I’m looking for peaty single malts matured only in 1rst fill sherry casks.
Tips on bottlings would be much appreciated.
Also looking for whisky book that describes in detail the maturation process of whisky. Especially interested in if there is any difference in the maturation process for ex bourbon and ex sherry casks and the process called "rancio".
" You've opened a can of worms!
Years ago I tasted the 40-year-old Bowmore which bore a flavor that I couldn't identify. On the way home with fellow spirits freak, Paul Pacult, I discovered that he'd had the same problem. "Suppose it was rancio?" I suggested. Rancio is a flavor found in old cognacs, best described as earthy, mushroomy, lactic, and perhaps a hint of soy sauce. Cognac producers treasure this flavor when it occurs.
Paul & I decided that the only way to find out if rancio could exist in old single malts was to get as many old malts as possible and taste them. We approached the Rainbow Room in NY and suggested that we hold a tasting of the world's oldest malts there. They agreed so we then went to the scotch producers and asked them to go to the back of their warehouses and send us samples of the oldest drinkable malts they had. We ended up with 3 bottles from each of 13 distilleries.
Sure enough, we found rancio in more than half of them. The J&B guy was right (though not in every case)--the spirit had transformed, and in some cases it was impossible to tell it apart from a cognac, or even a very old rum.
As final proof of this, some years later I heard that a cognac producer had analized his brady to discover what was responsible for the flavor of rancio, and he pinned it down to 2 specific ketones. I asked him if he'd be willing to analize a scotch in the same way if I provided the whisky. Sure enough, thos ketones were present in the scotch.
Why are they there? How do they get there? It's just a case of advanced oxidization.
Some people hate rancio in scotch. I love it."
I remember you saying how much you liked it. I chatted to the barman about how people responded to it and apparently, there was a real mixed response, with many people loving it. Personally I felt it needed a bit of water and when I added some the mildly sulphorous edge from the sherry was exacerbated to some extent.
Maybe it's just because I'm a pig loving vegetarian
I need to be a member to purchase bottlings from them.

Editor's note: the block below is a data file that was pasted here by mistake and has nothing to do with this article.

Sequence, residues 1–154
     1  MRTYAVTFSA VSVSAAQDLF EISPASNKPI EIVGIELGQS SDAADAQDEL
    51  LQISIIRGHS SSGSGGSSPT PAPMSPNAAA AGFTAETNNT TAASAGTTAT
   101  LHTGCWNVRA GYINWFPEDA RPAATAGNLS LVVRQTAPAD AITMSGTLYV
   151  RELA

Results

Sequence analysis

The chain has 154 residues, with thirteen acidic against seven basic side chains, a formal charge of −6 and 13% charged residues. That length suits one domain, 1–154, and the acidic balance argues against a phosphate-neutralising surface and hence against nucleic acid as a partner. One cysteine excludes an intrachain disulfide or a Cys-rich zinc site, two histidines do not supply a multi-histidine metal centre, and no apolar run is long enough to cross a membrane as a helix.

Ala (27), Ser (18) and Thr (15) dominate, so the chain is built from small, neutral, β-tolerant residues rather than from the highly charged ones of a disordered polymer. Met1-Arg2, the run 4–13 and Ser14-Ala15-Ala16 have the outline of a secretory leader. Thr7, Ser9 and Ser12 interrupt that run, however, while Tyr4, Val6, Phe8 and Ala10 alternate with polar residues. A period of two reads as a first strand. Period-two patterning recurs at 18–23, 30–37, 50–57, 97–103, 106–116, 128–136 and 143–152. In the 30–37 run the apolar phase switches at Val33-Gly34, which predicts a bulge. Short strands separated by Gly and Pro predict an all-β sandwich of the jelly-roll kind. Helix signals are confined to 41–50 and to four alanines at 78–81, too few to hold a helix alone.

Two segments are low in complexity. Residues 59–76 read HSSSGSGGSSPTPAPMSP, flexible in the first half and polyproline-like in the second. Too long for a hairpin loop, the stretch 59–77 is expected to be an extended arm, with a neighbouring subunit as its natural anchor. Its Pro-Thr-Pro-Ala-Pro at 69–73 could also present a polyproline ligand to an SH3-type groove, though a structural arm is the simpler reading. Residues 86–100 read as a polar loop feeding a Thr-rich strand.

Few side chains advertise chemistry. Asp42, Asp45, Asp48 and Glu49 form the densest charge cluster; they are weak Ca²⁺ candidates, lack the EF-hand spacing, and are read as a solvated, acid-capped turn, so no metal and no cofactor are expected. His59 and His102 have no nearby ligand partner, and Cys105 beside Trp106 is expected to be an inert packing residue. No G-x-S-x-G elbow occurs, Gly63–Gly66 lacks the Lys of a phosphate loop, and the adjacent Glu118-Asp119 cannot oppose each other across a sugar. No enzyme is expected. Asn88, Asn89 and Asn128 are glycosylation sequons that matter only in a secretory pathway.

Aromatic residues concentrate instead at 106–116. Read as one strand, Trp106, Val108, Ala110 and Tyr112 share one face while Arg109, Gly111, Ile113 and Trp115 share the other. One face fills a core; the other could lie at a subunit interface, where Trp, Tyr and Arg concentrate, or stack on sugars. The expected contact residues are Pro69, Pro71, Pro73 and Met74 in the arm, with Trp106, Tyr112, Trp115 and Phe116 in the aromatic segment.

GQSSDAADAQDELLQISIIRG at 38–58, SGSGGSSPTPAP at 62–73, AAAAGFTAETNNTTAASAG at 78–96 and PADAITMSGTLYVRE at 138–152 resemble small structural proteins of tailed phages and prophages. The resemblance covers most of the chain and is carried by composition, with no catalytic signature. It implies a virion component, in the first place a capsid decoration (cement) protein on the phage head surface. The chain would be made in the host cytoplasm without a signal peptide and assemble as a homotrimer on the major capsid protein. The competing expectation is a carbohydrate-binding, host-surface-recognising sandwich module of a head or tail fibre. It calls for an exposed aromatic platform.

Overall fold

The reason I dont want to be a member is that a live a long way from their closest headquaters and wont be able to go to their pub to sample bottlings or attend any of their tastings.
Ours is 33.57. Is it the same one ?
Yes, it will be the same one.....the Society gives each cask a unique number once only, so we're talking about the same whisky. The Society gave it the name "Black Pudding & Stornaway" or something like that. (Can't remember the precise words).
We also received a small number of Cask 33.56. Whilst I haven't tasted that one yet, one of my colleagues has, and he thought it was an amazing Ardbeg. I suspect it must be similar to the Ardbeg Very Young - refined yet brutal at the same time!
It is often very hard to determine wether or not the Ardbeg has matured in first or second fill casks. Mainly because these are bottlings from Independents. I had a few heavely sherried Ardbegs but I honestly cannot tell you if it was first or second fill.
Could you let us know if "heavely sherried" is good enough too or is it specificly FF sherry you need?
Kallaskander, Could you please either start a new thread or mail me personally with all the info you have on this "cognac" taste?
I am very interested in the matter since I have had some similar flavor experiences with older malts.I had no idea this excisted and am intruiged by it. Thank you very much.
Ardbeg has also some very fine sherry casks, but mainly from 2nd and more refill casks, same for Highland Park.
Laphroaig don't use anymore sherry casks, like Lagavulin, so your choice is getting pretty limited!
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